Strike woes continue as Macron stands by pension reforms

France threatened with holiday chaos as unions reject truce

A man holds a banner reading "The strike is Macron's fault" as he takes part in a demonstration in Paris, on December 17, 2019 to protest against French government's plan to overhaul the country's retirement system, as part of a national general strike. Tens of thousands of protesters prepared to hit streets across France on December 17, 2019 over a pensions overhaul that has sparked a crippling transport strike, though government officials insist they will not give in to union demands they drop the plan. Pressure on French President is growing after the top official overseeing the pension negotiations was forced to resign over a salary scandal. / AFP / Martin BUREAU
Powered by automated translation

France is facing continued chaos after unions opposed to President Emmanuel Macron’s proposal to overhaul the country’s pension system dug in before talks with the government.

Two weeks into a crippling transport strike, Mr Macron is trying to combine the country’s many pension systems into a single points-based scheme.

Critics say the pensions overhaul could force millions of people to work beyond the official retirement age of 62, which is one of the lowest in Europe, by setting a "pivot age" of 64 for a full pension.

The government insists the system will be fairer and more transparent, improving pensions for women and low earners in particular.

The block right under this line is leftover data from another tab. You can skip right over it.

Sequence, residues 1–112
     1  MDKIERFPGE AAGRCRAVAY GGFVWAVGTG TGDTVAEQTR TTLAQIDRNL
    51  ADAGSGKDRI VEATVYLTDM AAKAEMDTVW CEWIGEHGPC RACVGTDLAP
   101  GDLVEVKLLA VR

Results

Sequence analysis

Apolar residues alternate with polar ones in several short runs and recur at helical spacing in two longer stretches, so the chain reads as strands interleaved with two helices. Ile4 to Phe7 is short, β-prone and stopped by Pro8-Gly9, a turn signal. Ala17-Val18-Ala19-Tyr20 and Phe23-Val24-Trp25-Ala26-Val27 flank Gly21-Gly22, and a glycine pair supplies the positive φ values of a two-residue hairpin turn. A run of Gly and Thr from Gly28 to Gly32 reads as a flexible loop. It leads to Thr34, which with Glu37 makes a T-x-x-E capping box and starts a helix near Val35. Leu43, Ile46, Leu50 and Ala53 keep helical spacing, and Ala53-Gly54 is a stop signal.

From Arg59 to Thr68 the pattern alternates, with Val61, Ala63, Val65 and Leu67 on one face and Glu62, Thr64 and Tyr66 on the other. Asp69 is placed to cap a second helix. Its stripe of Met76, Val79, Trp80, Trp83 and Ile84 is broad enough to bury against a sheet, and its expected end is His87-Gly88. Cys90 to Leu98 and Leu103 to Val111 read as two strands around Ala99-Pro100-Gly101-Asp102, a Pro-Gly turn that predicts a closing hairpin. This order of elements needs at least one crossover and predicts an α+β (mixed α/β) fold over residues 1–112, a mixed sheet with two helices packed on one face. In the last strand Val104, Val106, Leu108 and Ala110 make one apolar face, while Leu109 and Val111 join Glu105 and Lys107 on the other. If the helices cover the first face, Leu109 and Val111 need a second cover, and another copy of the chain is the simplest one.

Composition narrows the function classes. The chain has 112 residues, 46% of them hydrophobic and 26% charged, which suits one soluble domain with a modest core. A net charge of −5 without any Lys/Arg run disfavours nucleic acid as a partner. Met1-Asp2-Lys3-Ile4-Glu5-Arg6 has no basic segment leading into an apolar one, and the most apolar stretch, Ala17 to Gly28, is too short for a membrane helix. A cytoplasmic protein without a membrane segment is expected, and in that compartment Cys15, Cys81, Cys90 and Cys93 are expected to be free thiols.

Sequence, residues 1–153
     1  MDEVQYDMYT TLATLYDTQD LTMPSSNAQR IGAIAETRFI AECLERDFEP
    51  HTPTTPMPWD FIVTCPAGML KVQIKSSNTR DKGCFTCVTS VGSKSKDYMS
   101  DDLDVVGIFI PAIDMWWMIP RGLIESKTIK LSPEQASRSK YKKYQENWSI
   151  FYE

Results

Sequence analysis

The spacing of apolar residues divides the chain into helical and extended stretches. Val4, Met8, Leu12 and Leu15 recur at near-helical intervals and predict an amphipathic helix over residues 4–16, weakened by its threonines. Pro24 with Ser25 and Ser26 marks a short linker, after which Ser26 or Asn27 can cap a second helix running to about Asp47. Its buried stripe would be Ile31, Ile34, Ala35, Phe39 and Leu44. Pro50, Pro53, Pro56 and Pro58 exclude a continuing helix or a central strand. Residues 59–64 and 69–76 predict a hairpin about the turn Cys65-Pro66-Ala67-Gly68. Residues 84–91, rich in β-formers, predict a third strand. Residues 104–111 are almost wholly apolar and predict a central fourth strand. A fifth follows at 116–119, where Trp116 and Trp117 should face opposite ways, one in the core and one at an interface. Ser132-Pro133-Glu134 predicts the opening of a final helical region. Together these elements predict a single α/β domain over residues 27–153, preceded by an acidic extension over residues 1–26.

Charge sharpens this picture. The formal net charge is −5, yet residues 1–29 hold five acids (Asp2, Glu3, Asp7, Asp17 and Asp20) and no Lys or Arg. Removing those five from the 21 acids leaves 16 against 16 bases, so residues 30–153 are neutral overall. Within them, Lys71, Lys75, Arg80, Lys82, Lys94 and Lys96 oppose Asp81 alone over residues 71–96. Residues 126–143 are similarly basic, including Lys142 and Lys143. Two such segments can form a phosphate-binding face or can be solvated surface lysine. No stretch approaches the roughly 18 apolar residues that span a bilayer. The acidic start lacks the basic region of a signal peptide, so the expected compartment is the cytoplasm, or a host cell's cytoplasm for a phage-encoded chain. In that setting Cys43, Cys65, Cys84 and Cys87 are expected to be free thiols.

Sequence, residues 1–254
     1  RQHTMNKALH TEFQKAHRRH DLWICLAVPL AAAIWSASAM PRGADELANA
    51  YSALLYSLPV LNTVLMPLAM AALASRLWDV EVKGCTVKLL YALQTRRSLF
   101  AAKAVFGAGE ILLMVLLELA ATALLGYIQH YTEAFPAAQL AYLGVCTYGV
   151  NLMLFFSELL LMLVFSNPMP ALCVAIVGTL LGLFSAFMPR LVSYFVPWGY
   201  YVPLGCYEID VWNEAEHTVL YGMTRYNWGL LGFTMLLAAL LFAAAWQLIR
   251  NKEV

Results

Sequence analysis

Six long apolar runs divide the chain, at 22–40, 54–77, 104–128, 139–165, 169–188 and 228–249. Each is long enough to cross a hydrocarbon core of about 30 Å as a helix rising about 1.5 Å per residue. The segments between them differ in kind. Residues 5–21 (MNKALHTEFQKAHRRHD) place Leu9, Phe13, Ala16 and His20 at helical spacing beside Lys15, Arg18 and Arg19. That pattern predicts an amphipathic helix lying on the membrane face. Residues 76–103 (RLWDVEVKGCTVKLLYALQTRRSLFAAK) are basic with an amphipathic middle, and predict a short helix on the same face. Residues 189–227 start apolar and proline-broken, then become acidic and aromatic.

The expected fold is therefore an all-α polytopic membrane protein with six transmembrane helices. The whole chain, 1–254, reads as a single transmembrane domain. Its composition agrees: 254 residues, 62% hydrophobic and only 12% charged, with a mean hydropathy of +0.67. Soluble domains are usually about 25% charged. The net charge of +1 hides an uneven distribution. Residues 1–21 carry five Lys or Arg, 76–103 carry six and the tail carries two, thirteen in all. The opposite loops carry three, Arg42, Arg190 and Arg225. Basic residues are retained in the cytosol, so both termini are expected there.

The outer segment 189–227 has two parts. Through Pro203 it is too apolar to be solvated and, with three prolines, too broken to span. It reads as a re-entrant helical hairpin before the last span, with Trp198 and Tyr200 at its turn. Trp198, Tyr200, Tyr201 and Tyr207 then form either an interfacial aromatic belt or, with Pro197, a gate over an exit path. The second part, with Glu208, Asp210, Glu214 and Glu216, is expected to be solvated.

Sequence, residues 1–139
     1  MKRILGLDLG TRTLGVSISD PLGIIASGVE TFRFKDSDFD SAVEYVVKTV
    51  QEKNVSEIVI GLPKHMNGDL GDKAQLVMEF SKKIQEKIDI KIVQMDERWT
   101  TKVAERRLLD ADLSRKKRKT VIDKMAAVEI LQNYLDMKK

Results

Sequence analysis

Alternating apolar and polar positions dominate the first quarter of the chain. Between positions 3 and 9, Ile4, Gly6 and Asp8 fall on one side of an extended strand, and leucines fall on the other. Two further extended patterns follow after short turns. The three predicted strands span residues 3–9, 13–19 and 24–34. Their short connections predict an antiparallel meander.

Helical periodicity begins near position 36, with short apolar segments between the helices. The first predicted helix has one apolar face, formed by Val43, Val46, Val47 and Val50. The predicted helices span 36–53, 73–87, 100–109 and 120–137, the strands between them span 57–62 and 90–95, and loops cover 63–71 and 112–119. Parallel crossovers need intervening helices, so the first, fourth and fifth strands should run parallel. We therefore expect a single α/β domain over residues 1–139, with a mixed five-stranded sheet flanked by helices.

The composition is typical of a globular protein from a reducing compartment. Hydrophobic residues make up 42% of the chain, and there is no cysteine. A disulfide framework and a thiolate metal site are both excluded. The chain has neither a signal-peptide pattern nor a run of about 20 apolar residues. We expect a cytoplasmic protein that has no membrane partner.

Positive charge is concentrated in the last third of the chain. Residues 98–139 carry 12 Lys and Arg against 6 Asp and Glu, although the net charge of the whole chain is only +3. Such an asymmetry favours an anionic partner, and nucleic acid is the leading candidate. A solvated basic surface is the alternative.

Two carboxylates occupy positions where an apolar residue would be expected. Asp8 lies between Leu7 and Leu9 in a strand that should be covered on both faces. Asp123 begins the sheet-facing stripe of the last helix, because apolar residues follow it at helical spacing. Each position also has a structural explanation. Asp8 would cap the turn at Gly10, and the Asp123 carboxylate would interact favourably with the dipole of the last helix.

"My determination, and that of the government and the majority, is total," Prime Minister Edouard Philippe told Parliament on the eve of the new talks.

Mr Macron's office insisted on Wednesday that he would not drop the plan but was "willing to improve" some elements.

He said he hoped talks with union leaders would allow a pause in the strike so people could travel for the holidays, his office said.

A group of unions including the CGT, France’s second largest, said there would be no truce over the Christmas period unless the proposals were dropped.

Late on Tuesday, the CGT, backed by three other unions, decided to continue the strike action that has severely disrupted public transport in major cities, regional and international trains, and even grounded planes.

On Wednesday, the CGT was forced to defend the decision to cut power to thousands of homes.

Mr Macron’s government has condemned the power cuts, which hit at least 150,000 homes on Tuesday, the French utilities operator said.

"I hear they're cutting power to CAC 40 companies, prefectures, shopping malls," Transport Minister Elisabeth Borne said, referring to an index of companies on the French stock market.

"That's already rather questionable. But clinics, metro stations, fire brigades and thousands of French people also had power cuts. This is far from normal ways of striking."

Philippe Martinez, the head of the CGT,  on French radio defended the power cuts, saying they were necessary to force Mr Macron to back down.

"These are targeted cuts," Mr Martinez said. "You'll understand that spitting on the public service can make some of us angry."

About 615,000 people took part in more than 100 rallies countrywide on Tuesday, the Interior Ministry said. The CGT said three times as many turned up.

Police fired tear gas and arrested 30 people in Paris after protesters hurled objects.

The strikes are still supported by a narrow majority of the French population, an Ifop poll published on Sunday suggested.

Mr Macron’s approval rating climbed two points but now sits on 30 per cent as he faces the most significant challenge to his reformist agenda since the Yellow Vest movement began in 2018.